Are interpreters being used appropriately in hospitals? Not quite, as this study indicates. At two urban hospitals that encounter a large percentage of Limited English Proficient (LEP) patients, 234 LEP patients were interviewed concerning interpreter usage. Of the patients interviewed, “57% reported that any kind of interpreter was present with the physician at admission, 60% with physicians during hospitalization, and 37% with nurses since admission.”

What does this show? Essentially, LEP patients are still receiving substandard access to language services, which can pose a variety of problems including misdiagnoses and other errors.

A limitation of the study is that it only examines two hospitals, and its results “may not generalize to other hospitals and settings.” However, the authors point out that “both sites in this study serve large numbers of patients with LEP and are located in a diverse area of the US … [so] It is likely that patients’ experiences may be worse in settings with less linguistic diversity or resources allocated to interpreter services.”

This article demonstrates an important point: while language access has improved for LEP patients, it is still not where it needs to be. The information presented in this study can serve as a wake-up call for organizations to re-evaluate their language access programs and identify areas of improvement.



CyraCom’s interpretation and translation solutions are exclusively endorsed by the American Hospital Association. With ISO 9001:2008 certified quality processes, US-based medically-trained interpreters, and a dedicated account management team, we are equipped to meet your patients’ language needs.

Minority Doctors Needed? They’re on their Way

It’s a pressing concern: minority doctors are needed in healthcare.

According to the study Unequal Treatment: Confronting Racial and Ethnic Disparities in Healthcare, issued by the Institute of Medicine, and more recent data, Hispanics, African-Americans, and other minority groups receive poorer healthcare quality than non-minorities.  And one of the proposed solutions for dealing with this problem is creating a workforce of multicultural physicians – the idea being that physicians of different ethnic and linguistic backgrounds will be more culturally competent and give better care to minority patients.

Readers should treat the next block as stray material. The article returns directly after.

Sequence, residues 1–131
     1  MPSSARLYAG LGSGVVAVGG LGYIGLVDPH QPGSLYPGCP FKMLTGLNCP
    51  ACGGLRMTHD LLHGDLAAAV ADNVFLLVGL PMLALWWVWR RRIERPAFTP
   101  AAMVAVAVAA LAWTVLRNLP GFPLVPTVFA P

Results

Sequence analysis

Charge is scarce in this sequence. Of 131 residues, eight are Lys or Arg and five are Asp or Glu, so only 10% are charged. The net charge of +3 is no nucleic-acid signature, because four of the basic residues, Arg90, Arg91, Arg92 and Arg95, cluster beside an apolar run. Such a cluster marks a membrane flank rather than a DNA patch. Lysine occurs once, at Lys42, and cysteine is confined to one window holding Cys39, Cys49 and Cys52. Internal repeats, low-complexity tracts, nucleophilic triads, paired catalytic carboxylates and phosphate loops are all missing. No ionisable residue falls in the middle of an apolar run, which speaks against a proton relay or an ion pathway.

There is some warrant to this concept, as minority physicians are more inclined to reach out to the communities they come from.  As Dr. Louis Sullivan, former secretary of the Department of Health and Human Services,  explains: “‘…  African American physicians and Hispanic American physicians are three to five times more likely to establish their practices in African American or Hispanic American communities.”‘

Minority doctors, being a part of these communities, also understand the patients better, which ultimately results in better health services. “‘What happens with the health outcome, depends upon good communication, the trust and credibility between the health professional and the individual seeking care, and an understanding of the patient’s culture, value system, so that one can develop, hopefully, a strong relationship or interaction between the health professional and the individual,'” says Dr. Sullivan.

However, while the idea of using a multicultural workforce to improve health outcomes for minorities may be sound, its realization has not been so simple.

In one of her first speeches, Surgeon General Dr. Regina Benjamin discussed the fact that minority doctors represent 6% of all physicians – the same number as a century ago – and called for stepped-up recruitment efforts. And in giving his outlook on the future of physician diversity, Dr. Louis Sullivan said, “‘It will be decades before our health care system truly mirrors the makeup of our general population.'”

Nonetheless, while the future may look bleak, there is hope on the horizon.

A growing number of Hispanic students are enrolling in medical schools nationwide, according to the Association of American Medical Colleges. Since 2004, applications from Hispanics have risen 22.9%, with nearly 6% of that growth occurring in 2010-2011, as indicated by a recent Chicago Sun-Times article.

“‘For 30 or 40 years there have been intentional efforts at trying to make sure that all underrepresented populations understand that medicine is a wonderful career,”‘ said Dr. Marc Nivet, Chief Diversity Officer of AAMC. “‘I think we are starting to gain some traction in the Hispanic population.”‘

While the numbers are still not adequate enough to support the growing US Hispanic population, they do demonstrate an emerging trend: more and more Hispanics are becoming involved in medicine, which can ultimately translate into improving healthcare for minority communities.

However, it is only a small piece of the pie, and the process of reform is, likely, going to take some time.



CyraCom’s interpretation and translation solutions are exclusively endorsed by the American Hospital Association. With ISO 9001:2008 certified quality processes, US-based medically-trained interpreters, and a dedicated account management team, we are equipped to meet your patients’ language needs.